The Heritage Corner, Springhill Record

January 19, 2011

1931 – Bumps in Mine

Springhill Record Oct. 1, 1931

Tremendous Bumps in No. 2 Mine Shake Entire District

Springhill and the country for miles around was badly shaken by two bumps in No. 2 mine on Sunday afternoon and evening, the first at 1 p.m. and the second at 10 p.m.  The mine was badly damaged and a large number of men will be out of work as a result of the upheavals.

     The first bump was described by some as a muffled explosion.  There was no one in the mine at the time save two officials and a pumpman and they soon reported to the surface.  Crews of men were sent down to clean up the slope and turnouts in preparation for the next day’s work and they were still in the mine when it bumped again at 10 o’clock.  Fortunately no one was hurt, although shiftsmen working on the slope at the time were tossed around like chips in a gust of wind.  The second bump occasioned a great deal of concern for the men working in the mine since it was one of the worst No. 2 mine has ever experienced.  Houses shook on their foundations as the earth trembled and the shock was felt for miles around the town.

     The big bump Sunday night followed several other small bumps in the past few months but did far more damage than any other one has been responsible for.  It started at the 6300 level, in roughly 1500 feet in the bumpy section that has been encountered from time to time, and ran at an angle toward the slope.  A good deal of the 6300 level was brought in and the 6500 was completely filled from the slope turnout to the working face.  An idea of the tremendous force these bumps control will be gathered from the fact that one of the large overcast at one of the levels was smashed.  The bump extended down as far as the 6900 level where the force was expanded.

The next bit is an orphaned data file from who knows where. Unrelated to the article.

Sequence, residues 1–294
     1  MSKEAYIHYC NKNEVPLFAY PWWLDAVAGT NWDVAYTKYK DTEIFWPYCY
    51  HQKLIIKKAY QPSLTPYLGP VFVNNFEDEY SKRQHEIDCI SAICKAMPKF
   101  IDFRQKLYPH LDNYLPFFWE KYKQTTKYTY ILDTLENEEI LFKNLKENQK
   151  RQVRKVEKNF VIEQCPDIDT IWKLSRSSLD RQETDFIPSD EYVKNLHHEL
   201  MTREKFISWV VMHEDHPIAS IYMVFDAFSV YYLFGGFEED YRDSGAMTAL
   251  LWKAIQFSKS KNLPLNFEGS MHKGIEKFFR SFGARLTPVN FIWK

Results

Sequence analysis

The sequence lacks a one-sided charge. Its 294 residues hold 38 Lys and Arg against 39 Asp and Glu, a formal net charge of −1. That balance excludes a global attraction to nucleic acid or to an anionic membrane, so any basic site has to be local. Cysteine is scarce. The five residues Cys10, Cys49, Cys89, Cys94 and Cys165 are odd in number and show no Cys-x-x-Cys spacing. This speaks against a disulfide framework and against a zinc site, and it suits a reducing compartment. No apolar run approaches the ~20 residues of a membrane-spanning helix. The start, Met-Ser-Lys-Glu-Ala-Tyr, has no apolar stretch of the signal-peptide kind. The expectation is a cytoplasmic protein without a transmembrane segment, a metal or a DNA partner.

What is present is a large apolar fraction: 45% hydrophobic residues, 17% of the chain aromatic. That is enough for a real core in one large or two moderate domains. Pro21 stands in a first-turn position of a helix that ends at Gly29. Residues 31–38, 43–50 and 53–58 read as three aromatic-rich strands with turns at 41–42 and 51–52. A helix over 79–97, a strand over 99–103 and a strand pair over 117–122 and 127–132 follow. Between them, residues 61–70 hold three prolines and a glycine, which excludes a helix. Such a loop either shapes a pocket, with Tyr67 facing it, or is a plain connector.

Officials getting down the mine as soon as possible after the smash reported a great deal of gas in the mine which held up the work of cleaning up.  Gangs of men were taken into the mines Monday evening however, and the work was commenced.  The mine worked Wednesday some of the men finding places on the lower walls, but the bump has thrown quite a number out of work.

     H. Tattrie, sub-district board member, speaking to the Record, said it would be impossible to determine the length of time to clean up the levels.  Their progress would depend mostly on the condition of the roof and timber and he recalled on other bump that he helped clean up where the men only were able to make a progress of a boom a day.

     Officials of the company were in town this week to make a survey of the mine and on Wednesday Norman McKenzie, Deputy Minister of Mines for the Province, arrived and inspected the mine.

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Also in the same newspaper: Agreement Signed for Jct. Road

     A meeting of the Town Council of the Town of Springhill was held Tuesday evening.  His Worship Mayor D.M. Smith presiding.

     Councillors present were Jas. Storey, E. Johnson, D. Coleman, G. Weatherbee and A. Phillips.

     Minutes of the previous regular, special and ratepayers’ meetings were read and approved.

     The Clerk advised the Council that agreements had been signed between the Dept. of Highways and the Town for the construction of a 20 foot concrete covering on the Junction Road at the estimated cost of $29,150.00 and for the portion of standard highway below No. 6 mine at a cost of $9,000.00.

     The usual monthly accounts were read and on motion were directed to be paid.

     It was on motion decided to engage Mr. H. Leadbetter, a motor engineer, to look over the motor appliances of the town, salary limited to $4.00 a day.

     It was on motion decided to extend the sewer on Drummond Street to Pleasant Street.

     The present and future industrial outlook was discussed at some length and the Clerk directed to arrange a meeting with Mr. A. Terris, M.P.P. with a view of approaching the government if necessary, for a remedy.

Sales of Poppies

     The sum of $143.00 has been realized from the sale of poppies for Remembrance Day.  Those in charge of the sales are much gratified with the results, which will go a long way towards helping those disabled veterans who so patiently carry on the work of fashioning the bits of crimson muslin, which if not beautiful in themselves express a beauty of sentiment.  The veterans thank you!